How to use Repository Pattern in Laravel

How to use Repository Pattern in Laravel

The Repository Pattern in Laravel is a very useful pattern with a couple of great uses. The first use is the abstraction that it provides. Meaning, it adds another layer between your application logic and your database.

When tackling separation of concerns, this is very important. Another benefit is how easy it makes it swap out your backend technology.

For instance, let’s say you are using MySQL and want to change to MongoDB. Since the Repository Pattern uses interfaces as contracts, your application logic will remain the same and all you have to do is change out the repository. Sounds easy, right?

Let’s dive in with a simple example.

Creating the Repository Interface

We need an interface to act as a contract for our repositories. What do I mean by contract?

Just like a written contract which describes the confines of a specific obligation, an interface is the same for our code.

It says that any class implementing the interface must perform specific actions. Or, in our case, must contain specific methods… Right.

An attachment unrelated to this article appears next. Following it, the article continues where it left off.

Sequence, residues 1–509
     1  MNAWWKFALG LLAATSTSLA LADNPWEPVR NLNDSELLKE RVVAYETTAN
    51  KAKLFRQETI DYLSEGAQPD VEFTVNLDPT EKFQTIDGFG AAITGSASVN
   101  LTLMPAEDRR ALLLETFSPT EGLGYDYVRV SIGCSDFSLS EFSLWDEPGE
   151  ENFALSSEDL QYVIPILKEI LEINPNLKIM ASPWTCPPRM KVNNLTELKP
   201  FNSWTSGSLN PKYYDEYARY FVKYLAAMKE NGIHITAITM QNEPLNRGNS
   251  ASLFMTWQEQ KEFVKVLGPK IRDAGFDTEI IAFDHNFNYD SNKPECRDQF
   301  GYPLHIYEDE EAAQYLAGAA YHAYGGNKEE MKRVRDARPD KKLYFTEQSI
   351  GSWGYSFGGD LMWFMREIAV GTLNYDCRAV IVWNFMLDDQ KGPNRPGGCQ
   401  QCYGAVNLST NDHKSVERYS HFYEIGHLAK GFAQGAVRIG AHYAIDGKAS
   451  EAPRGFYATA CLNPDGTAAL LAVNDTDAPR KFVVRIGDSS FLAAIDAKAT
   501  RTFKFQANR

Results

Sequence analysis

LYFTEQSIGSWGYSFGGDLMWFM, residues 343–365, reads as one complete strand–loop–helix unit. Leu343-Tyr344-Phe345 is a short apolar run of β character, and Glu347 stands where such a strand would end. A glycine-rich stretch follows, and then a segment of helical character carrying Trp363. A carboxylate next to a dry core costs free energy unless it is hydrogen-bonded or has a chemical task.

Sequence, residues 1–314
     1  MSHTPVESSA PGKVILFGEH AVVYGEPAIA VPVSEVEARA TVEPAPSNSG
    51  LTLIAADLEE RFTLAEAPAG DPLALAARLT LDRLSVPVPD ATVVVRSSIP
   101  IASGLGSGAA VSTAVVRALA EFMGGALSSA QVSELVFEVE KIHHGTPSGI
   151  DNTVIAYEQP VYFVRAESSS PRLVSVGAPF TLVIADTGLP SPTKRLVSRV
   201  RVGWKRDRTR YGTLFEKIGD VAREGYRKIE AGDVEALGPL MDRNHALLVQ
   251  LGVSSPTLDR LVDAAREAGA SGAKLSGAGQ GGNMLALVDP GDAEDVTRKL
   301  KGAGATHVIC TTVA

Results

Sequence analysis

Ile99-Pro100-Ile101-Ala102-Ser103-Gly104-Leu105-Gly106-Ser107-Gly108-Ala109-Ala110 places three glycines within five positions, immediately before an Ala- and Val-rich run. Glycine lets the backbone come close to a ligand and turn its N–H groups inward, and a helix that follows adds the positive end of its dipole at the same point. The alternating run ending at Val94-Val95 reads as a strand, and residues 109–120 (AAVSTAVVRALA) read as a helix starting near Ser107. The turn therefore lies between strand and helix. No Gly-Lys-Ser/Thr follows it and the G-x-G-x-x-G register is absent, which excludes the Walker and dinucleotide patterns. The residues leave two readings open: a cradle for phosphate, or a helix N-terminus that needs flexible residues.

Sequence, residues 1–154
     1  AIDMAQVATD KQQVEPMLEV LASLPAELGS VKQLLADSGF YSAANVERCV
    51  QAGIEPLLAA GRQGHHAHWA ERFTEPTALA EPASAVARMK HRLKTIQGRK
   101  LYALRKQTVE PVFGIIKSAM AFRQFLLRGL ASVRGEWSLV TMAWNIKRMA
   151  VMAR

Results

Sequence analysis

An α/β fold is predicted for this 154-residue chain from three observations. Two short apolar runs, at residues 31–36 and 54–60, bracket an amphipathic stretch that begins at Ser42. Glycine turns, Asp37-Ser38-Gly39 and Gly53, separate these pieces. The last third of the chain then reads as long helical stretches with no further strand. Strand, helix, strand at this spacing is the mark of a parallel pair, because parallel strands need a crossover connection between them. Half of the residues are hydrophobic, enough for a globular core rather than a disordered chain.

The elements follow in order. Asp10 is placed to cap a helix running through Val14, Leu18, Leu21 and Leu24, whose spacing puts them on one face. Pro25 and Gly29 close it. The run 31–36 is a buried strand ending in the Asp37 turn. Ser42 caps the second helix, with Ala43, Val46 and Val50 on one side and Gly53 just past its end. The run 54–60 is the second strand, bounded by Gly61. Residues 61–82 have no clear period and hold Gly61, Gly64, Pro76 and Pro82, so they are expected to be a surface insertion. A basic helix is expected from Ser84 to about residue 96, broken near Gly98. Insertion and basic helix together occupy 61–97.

I will use the blog scenario and create a post repository, as well as a comment repository. So, create a folder inside of the app folder and name it Repositories.

Then, create a file and name it PostRepositoryInterface.php. This will be our interface. Within that interface, you will want to add this code:

namespace App\Repositories;

interface PostRepositoryInterface
{

}

Now, we will need the contracts, or methods, that we want our toPostRepository implement. It will look something like this:

namespace App\Repositories;

interface PostRepositoryInterface
{
    /**
     * Get's a post by it's ID
     *
     * @param int
     */
    public function get($post_id);

    /**
     * Get's all posts.
     *
     * @return mixed
     */
    public function all();

    /**
     * Deletes a post.
     *
     * @param int
     */
    public function delete($post_id);

    /**
     * Updates a post.
     *
     * @param int
     * @param array
     */
    public function update($post_id, array $post_data);
}

Notice how there are no opening and closing curly braces. That is because no logic is stored in the interface – only the methods or declaration that we want our class to implement.